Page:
place to start would be to design a competent push-pull tube amplifier and then disable the drive signal to one leg, unless the signal is high enough of a value to imply that the other leg is nearing cutoff.
    You have in the Dynaco MK 3 a fairly good push-pull. Why not forgo the trendy aspect of the para-feed for the ease and simplicity of just converting the MK 3 into an SE / push-pull amplifier by retaining the basic layout and functioning of the stock amplifier? To see what I am suggesting, imagine if you were to remove one of the coupling capacitors in the amplifier.
    One tube would still see the signal and would amplify that signal. But the other tube would only see the negative bias voltage and not amplify any signal. Thus, we would have half an amplifier. The output transformer will not saturate, as the disconnected tube will still draw the same idle current as before, which will match the idle current of the other tube and prevent any net magnetizing of the output transformer's core. The amplifier would then work in SE Class A mode, as just one device handles all of the output waveform.
   Now if we replace the capacitor only during that part of the drive signal when the normally operated tube ceases to conduct, the amplifier becomes a push-pull amplifier. (One point worth noting is that the impedance presented to each tube is just 1/4 the impedance the same output transformer would present to two tubes working Class A push-pull. Why? One half of the primary winding is used to couple signal to the speaker at any time. So the winding ratio has now dropped by half and the winding ratio squared times the load impedance is the reflected impedance and  [1/2] = 1/4.)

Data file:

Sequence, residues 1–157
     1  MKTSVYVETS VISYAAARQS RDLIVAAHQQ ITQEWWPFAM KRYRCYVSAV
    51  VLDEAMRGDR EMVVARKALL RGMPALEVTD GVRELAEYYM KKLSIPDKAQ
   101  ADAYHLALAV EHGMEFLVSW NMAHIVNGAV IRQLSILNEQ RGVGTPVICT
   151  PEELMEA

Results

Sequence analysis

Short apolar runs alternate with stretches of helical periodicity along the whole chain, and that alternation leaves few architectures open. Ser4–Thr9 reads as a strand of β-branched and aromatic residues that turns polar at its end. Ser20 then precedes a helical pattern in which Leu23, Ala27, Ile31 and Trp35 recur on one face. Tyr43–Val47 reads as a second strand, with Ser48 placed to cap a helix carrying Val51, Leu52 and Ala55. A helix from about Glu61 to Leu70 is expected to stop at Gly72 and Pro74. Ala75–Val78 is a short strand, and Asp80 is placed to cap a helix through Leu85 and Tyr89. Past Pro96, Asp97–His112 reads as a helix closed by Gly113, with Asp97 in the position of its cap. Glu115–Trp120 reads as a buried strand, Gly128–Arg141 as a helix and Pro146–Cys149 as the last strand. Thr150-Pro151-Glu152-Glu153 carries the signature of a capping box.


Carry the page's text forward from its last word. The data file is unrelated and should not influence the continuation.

The amplifier redesigned should meet the requirements for SE/ push-pull operation. The first change to note is the move to the pentode configuration rather than the ultra-linear of the output stage tubes. This was done to keep the normally idle tube idle, as the signal from the ultra-linear tap would stimulate it in the same way as signal at grid 1 would. The second change to note is the insertion of a choke at the idle tube's cathode. To better understand what is going on here, remove the diodes, zener and rectifier. Now imagine what the cathode signal

The output stage of a Dynaco MK 3 converted into an SE / PUSH-PULL amplifier.   

would be in the presence of drive signal at the grid of this tube. The answer is that the cathode will track the input signal at the grid as the choke represents a very high impedance at audio frequencies, which allows the tube to function as a Cathode Follower. As it is primarily the grid-to-cathode voltage that determines the current draw from a pentode, the constant voltage between grid and cathode keeps the current flowing through the tube constant.
   Now let's put the diodes back into the circuit. What happens when the cathode tries to exceed the diode string's breaking voltage? Well, the answer is that the diodes aggressively begin to conduct and lock the cathode at their threshold voltage and the constant current source aspect of the tube ceases and it begins to amplify. (The rectifier is added to prevent the zener from being forward biased when the drive signal travels negative relative to the ground.)
   The trick is picking the right value for the zener. The truth is although I often use zeners in the circuits found in the Webzine, I would not use one in an actual circuit I would build for myself. I would use a transistor and a two resistor voltage divider to create a virtual zener. In fact, the top resistor could be replaced with a potentiometer and a resistor to make an easily adjustable zener!
   Ian, there will more to come next month, such as a cathode biased version using a current source instead of a choke.


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